Feb 10

FERRY AID – “Let It Be”

FT + Popular62 comments • 7,003 views

#588, 4th April 1987, video

A newspaper is a version of the world, and a successful newspaper builds a world that not only reflects the real one, it infects it. In its 80s heyday The Sun was not only the highest circulation daily paper in Britain, it had a cultural weight that went well beyond that: it comforted its readers and haunted its enemies in the way the Mail does now. The Sun’s mix of tub-thumping, scandal, sex, games and coupons might have simply been a variation on a winning tabloid formula that stretched back to the Boer War, but editor Kelvin McKenzie pitched the paper exactly right for its brash, greedy times.

“Let It Be” is The Sun’s number one record, its logo proudly on the label and the sleeve. The disaster which sparked the single – a car ferry capsized due to crew negligence, killing 193 people – might not ordinarily have led to a charity record, but several of the dead were Sun readers, on board the Herald Of Free Enterprise because the paper had run a special offer on ferry tickets, away-day breaks to Europe being a reliable sales booster. So the Sun owned the event from start to finish, acting as chief mourner. After the disaster it hit on Stock Aitken and Waterman to produce the record and started working its, and their pop contacts book. Within a week this is what they’d come up with.

“Let It Be” itself is – like “Everybody Hurts” – one of those songs which was doomed to be a charity record sooner or later. I’ve never really enjoyed it – for all its obvious sincerity it feels too generalised and woolly for me to find it a source of comfort, and without that sentimental connection the hymnal pace is a chore. But simplicity and honesty have always suited McCartney well and it’s certainly not a song I’d sneer at. Also, its very solidity makes it – on paper – a good frame for a record that’s going to use a lot of voices.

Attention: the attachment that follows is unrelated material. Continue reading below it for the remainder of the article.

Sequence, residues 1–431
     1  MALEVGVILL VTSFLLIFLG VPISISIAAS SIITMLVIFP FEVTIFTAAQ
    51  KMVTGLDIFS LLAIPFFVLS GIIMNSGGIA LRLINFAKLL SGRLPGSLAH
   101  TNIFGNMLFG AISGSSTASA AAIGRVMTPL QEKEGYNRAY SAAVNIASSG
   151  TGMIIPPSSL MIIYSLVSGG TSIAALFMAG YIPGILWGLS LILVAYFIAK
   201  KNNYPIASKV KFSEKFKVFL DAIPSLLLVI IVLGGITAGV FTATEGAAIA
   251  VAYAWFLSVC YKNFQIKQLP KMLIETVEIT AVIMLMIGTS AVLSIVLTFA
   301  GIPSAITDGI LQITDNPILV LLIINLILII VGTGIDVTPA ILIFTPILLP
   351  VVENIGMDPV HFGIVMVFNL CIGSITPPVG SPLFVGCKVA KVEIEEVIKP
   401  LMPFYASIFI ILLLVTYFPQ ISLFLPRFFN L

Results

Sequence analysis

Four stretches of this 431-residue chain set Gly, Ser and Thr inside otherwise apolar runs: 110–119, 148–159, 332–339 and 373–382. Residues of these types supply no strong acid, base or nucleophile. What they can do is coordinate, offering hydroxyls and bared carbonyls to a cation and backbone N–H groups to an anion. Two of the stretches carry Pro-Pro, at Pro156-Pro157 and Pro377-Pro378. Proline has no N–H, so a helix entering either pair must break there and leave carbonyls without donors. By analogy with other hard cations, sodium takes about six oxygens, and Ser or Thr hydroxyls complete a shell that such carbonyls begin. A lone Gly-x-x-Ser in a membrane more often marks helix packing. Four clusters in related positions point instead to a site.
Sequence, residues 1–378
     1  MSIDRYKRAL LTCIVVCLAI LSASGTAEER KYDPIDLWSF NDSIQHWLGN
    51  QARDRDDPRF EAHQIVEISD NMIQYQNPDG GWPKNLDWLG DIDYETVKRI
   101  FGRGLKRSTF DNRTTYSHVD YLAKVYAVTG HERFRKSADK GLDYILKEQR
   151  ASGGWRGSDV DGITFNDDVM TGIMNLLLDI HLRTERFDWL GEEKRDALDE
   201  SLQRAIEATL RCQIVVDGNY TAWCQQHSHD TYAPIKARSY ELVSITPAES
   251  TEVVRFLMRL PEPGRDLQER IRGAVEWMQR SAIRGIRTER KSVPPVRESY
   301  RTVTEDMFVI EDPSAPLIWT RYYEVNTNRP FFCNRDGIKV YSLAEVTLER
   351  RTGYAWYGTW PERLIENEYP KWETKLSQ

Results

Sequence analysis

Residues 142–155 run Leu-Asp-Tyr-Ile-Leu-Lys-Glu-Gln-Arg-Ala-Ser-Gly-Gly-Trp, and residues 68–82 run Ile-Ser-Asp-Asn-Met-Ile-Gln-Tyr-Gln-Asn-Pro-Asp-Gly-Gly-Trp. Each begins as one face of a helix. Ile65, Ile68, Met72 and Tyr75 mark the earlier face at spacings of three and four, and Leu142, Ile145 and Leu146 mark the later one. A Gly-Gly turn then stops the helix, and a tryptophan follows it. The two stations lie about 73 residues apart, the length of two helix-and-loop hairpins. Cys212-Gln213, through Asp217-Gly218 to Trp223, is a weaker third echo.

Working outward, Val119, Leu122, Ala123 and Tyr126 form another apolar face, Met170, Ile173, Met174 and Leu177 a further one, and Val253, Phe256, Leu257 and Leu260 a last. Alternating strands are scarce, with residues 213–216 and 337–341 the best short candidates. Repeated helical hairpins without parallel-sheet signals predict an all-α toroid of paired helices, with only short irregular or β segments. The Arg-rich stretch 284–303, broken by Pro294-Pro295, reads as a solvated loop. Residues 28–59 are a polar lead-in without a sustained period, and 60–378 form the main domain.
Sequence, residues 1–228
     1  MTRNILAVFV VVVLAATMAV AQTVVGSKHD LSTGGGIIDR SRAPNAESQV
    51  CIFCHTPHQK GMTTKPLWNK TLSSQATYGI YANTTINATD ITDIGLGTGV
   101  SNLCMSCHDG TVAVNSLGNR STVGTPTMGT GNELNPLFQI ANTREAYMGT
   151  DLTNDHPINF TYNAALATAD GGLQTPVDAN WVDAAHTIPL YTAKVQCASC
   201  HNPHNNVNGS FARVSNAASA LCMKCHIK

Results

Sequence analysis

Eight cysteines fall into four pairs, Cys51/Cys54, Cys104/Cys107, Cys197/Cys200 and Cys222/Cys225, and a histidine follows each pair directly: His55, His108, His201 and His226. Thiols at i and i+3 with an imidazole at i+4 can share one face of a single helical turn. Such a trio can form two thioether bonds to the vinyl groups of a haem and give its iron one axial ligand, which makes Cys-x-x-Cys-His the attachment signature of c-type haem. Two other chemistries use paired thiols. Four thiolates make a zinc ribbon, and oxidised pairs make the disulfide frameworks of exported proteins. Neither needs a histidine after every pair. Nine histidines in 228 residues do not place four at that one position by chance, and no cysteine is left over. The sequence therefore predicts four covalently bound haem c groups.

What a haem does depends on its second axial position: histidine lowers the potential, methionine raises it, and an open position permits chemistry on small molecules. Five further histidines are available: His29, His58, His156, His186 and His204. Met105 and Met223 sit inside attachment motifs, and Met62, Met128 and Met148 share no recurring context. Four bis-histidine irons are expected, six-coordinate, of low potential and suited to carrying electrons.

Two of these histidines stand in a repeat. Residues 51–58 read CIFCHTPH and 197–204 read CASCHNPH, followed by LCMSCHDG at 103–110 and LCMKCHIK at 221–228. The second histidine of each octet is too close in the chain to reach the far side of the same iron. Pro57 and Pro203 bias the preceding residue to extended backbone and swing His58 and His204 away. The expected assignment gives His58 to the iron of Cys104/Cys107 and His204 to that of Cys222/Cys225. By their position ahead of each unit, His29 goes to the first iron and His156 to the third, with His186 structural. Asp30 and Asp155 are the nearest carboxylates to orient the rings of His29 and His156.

Even so the Ferry Aid “Let It Be” is a discombobulating listen. For a start, in commercial and stylistic terms the talent is more than usually mismatched. But charity records always have their lesser contributors, and things like Paul King’s inability to sing the word “be” are all part of the experience. A bigger problem is that the music won’t get out of the way – the kind of stateliness “Let It Be” needs is completely alien to SAW, who garnish the record with bibbling keyboards, horrid synth tones, a chuntering mid-paced beat, and that’s even before you get to the Knopfler and Gary Moore guitar solos: the ‘something for everyone’ ethos of the charity record line up taken to an extreme. The uncomfortable thought that comes to mind hearing SAW’s backing, though, is that this is pretty much the type of thing those ill-fated passengers would have heard had the ferry sailed and they’d wandered into the cocktail lounge to hear the on-board entertainment.

At least until the ending, anyway. Kate Bush does her line, in the deep register she’d just used on “Don’t Give Up”, and it’s a revelation: her warm, sad, cocooning voice suits the song and the occasion absolutely. There are a few seconds near-silence after that, as if everybody else is suddenly thinking “Oh shit, this could actually have been good.” And then the moment passes and it’s time for the mass chant, and for the single to finish on a note of laughter, high-fiving and applause. Because that’s what charity records and newspaper campaigns are all about: happy endings. It’s The Sun wot Number One it.



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  1. 31